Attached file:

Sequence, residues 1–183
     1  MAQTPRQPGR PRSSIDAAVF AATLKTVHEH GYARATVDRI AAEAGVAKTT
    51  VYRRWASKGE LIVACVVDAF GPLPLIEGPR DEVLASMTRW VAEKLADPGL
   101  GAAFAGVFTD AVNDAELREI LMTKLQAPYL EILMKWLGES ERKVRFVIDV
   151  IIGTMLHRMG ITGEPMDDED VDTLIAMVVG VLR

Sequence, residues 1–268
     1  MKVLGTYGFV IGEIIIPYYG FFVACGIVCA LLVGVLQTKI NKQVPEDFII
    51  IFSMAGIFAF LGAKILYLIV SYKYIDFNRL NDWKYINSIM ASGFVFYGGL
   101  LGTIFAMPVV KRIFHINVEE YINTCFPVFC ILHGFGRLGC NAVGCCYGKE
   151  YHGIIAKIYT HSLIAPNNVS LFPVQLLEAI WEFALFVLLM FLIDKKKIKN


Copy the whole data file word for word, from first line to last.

Sequence, residues 1–183
     1  MAQTPRQPGR PRSSIDAAVF AATLKTVHEH GYARATVDRI AAEAGVAKTT
    51  VYRRWASKGE LIVACVVDAF GPLPLIEGPR DEVLASMTRW VAEKLADPGL
   101  GAAFAGVFTD AVNDAELREI LMTKLQAPYL EILMKWLGES ERKVRFVIDV
   151  IIGTMLHRMG ITGEPMDDED VDTLIAMVVG VLR

Sequence, residues 1–268
     1  MKVLGTYGFV IGEIIIPYYG FFVACGIVCA LLVGVLQTKI NKQVPEDFII
    51  IFSMAGIFAF LGAKILYLIV SYKYIDFNRL NDWKYINSIM ASGFVFYGGL
   101  LGTIFAMPVV KRIFHINVEE YINTCFPVFC ILHGFGRLGC NAVGCCYGKE
   151  YHGIIAKIYT HSLIAPNNVS LFPVQLLEAI WEFALFVLLM FLIDKKKIKN